•          It regulates circadian rhythm – the body’s natural wake and sleep cycle. Exposure to blue light during daytime hours helps maintain a healthful circadian rhythm. Too much exposure to blue light late at night (through smart phones, tablets, and computers) can disturb the wake and sleep cycle, leading to problems sleeping and daytime tiredness.

•             Not enough exposure to sunlight in children could affect the growth and development of their eyes and vision. Early studies show a deficiency in blue light exposure could contribute to the recent increase in myopia/nearsightedness.

If constant exposure to blue light from smart phones, tablets, and computer screens is an issue, there are a few ways to decrease exposure to blue light:

Filters: Screen filters are available for smart phones, tablets, and computer screens. They decrease the amount of blue light given off from these devices that could reach the retina in our eyes.

Computer glasses: Computer glasses with yellow tinted lenses that block blue light can help ease computer digital eye strain by increasing contrast.

Anti-reflective lenses: Anti-reflective lenses reduce glare and increase contrast and also block blue light from the sun and digital devices.

Financial Assistance

There are many available resources for obtaining financial assistance when it comes to eye exams and procedures. The following are just a few examples that offer such assistance to persons under the age of 18. These resources are in addition to the most known options of Medicaid and Medicare.

The HealthWell Foundation: The HealthWell Foundation provides financial assistance to eligible individuals to cover co-insurance, copayments, healthcare premiums and deductibles for certain treatments. Phone: (800) 675-8416 Fax: (800) 282-7692 www.healthwellfoundation.org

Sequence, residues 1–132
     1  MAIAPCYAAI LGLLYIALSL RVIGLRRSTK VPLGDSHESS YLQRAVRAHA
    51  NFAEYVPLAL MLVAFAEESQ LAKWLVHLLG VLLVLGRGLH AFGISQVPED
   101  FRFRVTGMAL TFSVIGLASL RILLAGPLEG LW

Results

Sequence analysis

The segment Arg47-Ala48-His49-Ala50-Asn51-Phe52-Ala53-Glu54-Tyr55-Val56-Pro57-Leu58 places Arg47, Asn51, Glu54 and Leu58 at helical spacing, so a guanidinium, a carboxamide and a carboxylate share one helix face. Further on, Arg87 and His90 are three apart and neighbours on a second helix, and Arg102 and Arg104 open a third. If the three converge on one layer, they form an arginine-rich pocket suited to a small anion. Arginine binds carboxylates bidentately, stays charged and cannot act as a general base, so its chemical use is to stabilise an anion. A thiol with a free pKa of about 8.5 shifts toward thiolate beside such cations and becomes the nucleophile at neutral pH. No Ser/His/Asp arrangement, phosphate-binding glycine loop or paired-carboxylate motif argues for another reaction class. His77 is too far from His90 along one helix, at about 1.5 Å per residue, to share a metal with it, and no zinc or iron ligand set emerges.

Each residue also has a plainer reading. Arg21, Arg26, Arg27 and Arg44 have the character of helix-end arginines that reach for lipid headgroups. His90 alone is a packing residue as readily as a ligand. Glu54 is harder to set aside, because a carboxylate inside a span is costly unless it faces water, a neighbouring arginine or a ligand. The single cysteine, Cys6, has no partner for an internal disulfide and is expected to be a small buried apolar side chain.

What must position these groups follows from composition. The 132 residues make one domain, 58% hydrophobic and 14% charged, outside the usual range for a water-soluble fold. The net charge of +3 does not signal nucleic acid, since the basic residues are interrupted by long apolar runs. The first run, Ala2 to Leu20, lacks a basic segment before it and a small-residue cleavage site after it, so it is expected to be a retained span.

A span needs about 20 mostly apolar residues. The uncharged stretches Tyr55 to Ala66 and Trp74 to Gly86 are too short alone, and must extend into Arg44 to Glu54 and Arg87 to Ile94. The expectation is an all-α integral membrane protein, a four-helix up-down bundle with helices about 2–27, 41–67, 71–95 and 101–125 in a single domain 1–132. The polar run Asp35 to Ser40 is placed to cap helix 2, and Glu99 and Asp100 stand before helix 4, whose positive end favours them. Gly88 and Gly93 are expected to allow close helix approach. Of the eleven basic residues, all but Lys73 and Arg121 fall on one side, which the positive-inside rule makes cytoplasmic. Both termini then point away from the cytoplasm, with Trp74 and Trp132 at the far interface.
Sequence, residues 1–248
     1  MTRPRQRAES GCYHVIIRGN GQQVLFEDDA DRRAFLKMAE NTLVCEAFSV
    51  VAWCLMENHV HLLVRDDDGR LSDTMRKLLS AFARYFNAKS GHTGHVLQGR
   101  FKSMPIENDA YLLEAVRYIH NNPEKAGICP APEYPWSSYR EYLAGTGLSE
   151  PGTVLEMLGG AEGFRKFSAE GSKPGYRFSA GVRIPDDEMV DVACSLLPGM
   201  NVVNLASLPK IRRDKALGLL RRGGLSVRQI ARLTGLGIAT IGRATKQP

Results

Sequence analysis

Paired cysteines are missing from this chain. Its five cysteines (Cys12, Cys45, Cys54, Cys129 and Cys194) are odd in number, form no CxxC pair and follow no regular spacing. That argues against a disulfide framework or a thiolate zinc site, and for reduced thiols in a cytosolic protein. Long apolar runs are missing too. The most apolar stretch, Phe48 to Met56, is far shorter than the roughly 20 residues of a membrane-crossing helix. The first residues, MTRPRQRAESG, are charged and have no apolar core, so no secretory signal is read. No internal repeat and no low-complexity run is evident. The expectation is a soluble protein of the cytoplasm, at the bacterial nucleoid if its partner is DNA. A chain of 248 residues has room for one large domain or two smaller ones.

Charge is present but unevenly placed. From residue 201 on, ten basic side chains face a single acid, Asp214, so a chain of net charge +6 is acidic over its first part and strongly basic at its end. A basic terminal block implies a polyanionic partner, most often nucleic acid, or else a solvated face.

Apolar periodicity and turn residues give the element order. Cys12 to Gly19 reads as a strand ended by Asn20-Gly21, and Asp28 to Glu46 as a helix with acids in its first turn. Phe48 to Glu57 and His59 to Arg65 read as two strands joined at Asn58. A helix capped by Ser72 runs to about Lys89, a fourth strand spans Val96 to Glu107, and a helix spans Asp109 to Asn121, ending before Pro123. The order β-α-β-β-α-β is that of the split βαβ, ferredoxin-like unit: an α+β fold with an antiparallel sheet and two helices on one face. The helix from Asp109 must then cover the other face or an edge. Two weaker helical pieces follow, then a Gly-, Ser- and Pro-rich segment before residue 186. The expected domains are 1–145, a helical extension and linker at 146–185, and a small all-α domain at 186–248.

The Hill Burton Program: Participating hospitals and other healthcare facilities provide medical care for free, or at reduced cost, to those who meet eligibility requirements based on family size and income. Procedures covered vary from hospital to hospital. A list of assisting sites available in your state is located online. Phone: (800) 492-0359 (Maryland residents) (800) 638-0742 www.hrsa.gov/get-health-care/affordable/hill-burton/index.html

InfantSEE: InfantSEE optometrists provide a no-cost comprehensive eye and vision assessment for infants within the first year of life regardless of a family’s income or access to insurance coverage. Phone: (888) 396-EYES (3937) www.infantsee.org

Lions Clubs International: Provides financial assistance to individuals for eye care through local clubs. On their website, go to “Club Locator” to locate your local club. Phone: (630) 571-5466 or (800) 747-4448 www.lionsclubs.org

National Federation of the Blind: NFB works to improve social and economic conditions of blind persons by providing evaluations of present programs and assistance in establishing new ones; awards scholarships to blind persons; has a public education program including speakers’ bureau; and has several special interest divisions, including those for diabetics, educators, lawyers, parents of blind children, students and public employees. The National Federation of the Blind has affiliates in all fifty states plus Washington D.C. and Puerto Rico, and over seven hundred local chapters. Phone: (410) 659-9314 www.nfb.org

New Eyes for the Needy: New Eyes provides a basic pair of single or lined bifocal lenses. A New Eyes voucher is for individuals who have no other resources with which to obtain a basic pair of eyeglasses. Applicants must have an eye exam including their pupillary distance (PD) measurement before applying. Phone: (973) 376-4903 Fax: (973) 376-3807 www.new-eyes.org

VSP® Eyes of Hope®, Sight for Students®, and Eyes of Hope® Materials Only: VSP® Eyes of Hope® and Sight for Students gift certificates provide adults and children in need (families’ income is at or below 200% of the federal poverty level) with access to eye care and new glasses (if needed) at no cost through a VSP network doctor in their community. VSP® Eyes of Hope® Materials Only gift certificates provide individuals who have coverage for an eye exam but not eyewear with no-cost prescription glasses. Contact your local Prevent Blindness affiliate or Prevent Blindness for more details. Phone: (800) 877-7195 https://vspglobal.com/cms/vspglobal-outreach/gift-certificates.html